Cisco Aims to Reassert Dominance in Midrange Routers

By Paula Musich  |  Posted 2008-03-03 Print this article Print

Cisco's new ASR 1000 routers deliver high performance in a small form factor.

Cisco Systems on March 4 will go back to its roots and reassert its dominance as a router provider when it launches a new line of aggregation routers for both enterprises and service providers.

Cisco's first midrange router in years took $250 million and five years to develop. But the new Aggregation Services Router 1000 Series promises to change how the enterprise looks at the WAN (wide area network) edge and Internet gateway, Cisco officials claimed.

The ASR 1000, which sits above the Cisco 7200 Series and below the Cisco 7600 Series in performance, packs powerful performance in a small form factor.  It is intended to act as a WAN head end, an Internet gateway or the foundation for a private WAN.

It is the first hardware device to use Cisco's new QuantumFlow Processor chip set, which provides 40 cores and can handle an aggregate of 160 simultaneous transactions.  

The new ASR 1000 Series runs Cisco's IOS XE, a virtualized version of Cisco's IOS software designed specifically for small-form-factor routers at the network's edge.  It allows users to perform software upgrades without taking the router out of service or affecting the performance end users see.

"It would be like installing a new Windows operating system without having to restart any of your applications. If you want to upgrade the software, you don't have to shut down connections to your different customers," said Ben Goldman, director of network systems at Cisco.

Key to the ASR 1000 is the ability to instantly provision and turn on advanced services such as IP telephony, session border control and deep packet inspection as well as basic services such as firewall, IPSec encryption, quality of service, IP multicast and others.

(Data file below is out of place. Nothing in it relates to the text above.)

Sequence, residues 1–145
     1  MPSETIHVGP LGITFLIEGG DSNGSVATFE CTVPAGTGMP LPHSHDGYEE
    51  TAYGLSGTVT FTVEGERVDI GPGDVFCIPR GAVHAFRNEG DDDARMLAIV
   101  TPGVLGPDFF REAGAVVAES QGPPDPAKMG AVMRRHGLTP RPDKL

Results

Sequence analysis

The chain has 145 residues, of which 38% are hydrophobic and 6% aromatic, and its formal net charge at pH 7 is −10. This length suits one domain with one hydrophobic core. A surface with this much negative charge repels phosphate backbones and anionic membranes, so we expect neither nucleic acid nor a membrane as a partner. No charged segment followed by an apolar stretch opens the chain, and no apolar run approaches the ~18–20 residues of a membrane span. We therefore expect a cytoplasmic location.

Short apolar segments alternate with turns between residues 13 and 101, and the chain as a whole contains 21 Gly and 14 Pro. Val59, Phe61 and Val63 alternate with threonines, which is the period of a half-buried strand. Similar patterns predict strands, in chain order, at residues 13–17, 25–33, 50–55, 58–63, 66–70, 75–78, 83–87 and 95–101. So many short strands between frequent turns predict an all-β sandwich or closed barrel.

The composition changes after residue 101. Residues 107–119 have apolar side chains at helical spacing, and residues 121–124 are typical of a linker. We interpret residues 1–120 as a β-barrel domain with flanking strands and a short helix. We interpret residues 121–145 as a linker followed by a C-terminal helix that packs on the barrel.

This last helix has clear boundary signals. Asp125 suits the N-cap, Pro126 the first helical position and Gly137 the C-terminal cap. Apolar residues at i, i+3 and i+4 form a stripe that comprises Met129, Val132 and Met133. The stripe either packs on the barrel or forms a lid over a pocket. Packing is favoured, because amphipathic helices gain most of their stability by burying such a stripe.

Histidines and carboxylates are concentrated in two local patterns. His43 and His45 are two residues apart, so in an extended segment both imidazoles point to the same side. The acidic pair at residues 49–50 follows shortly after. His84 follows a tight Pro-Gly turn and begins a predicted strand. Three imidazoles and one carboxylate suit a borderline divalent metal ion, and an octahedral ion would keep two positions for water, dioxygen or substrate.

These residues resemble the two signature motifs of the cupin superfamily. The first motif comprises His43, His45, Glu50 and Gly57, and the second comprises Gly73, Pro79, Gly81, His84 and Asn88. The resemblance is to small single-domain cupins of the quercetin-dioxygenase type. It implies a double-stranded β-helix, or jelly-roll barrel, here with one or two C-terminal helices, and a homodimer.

"You just need to configure [the desired service] with the command-line interface or a provisioning tool and the service is running," said Goldman, who characterized the ASR 1000 as unique in the industry for its performance, compact design and efficiency. "It's efficient in space, in power and in cooling. And the ability to instantly turn on new services without requiring new hardware and power is unique."

"This is less about routing and more about all the services around it," said Mark Fabbi, vice president and distinguished analyst at Gartner.  "Routers don't route anymore, and they haven't for years.  The $5 billion we spend a year on branch-office routers is on optimization services, security and integration with other applications like voice. Those are the areas that are much more interesting and where enterprises should spend their time thinking about how they deploy those."

Thanks to the power savings, performance and lower operational costs, the new ASR 1000 can allow enterprises to "think about delivering combined voice, video and data applications," said Deb Mielke, managing director at Treillage Network Strategies in McKinney, Texas. "Now [as a user] I have enough pop to do it, and I don't have to buy 20,000 boxes.  This can reshape how people deliver applications," she said.

The ASR 1000 will be available in three rack sizes, ranging from a two-rack unit to a six-rack unit. It will include a 5G-bps embedded service processor engine initially, along with a 10G-bps version.  Both are due out in April.  A 20G-bps version is due in August. 

The ASR 1000 will use existing Cisco interfaces, or shared port adapters, which already run in Cisco's 7600, 12,000 and CRS-1 routers as well as the Catalyst 6500 switch.  The SPAs range from T-1 interfaces to 10 Gigabit Ethernet interfaces.  Twelve different SPAs will work with the ASR 1000.

Pricing for the ASR 1000 starts at $35,000.



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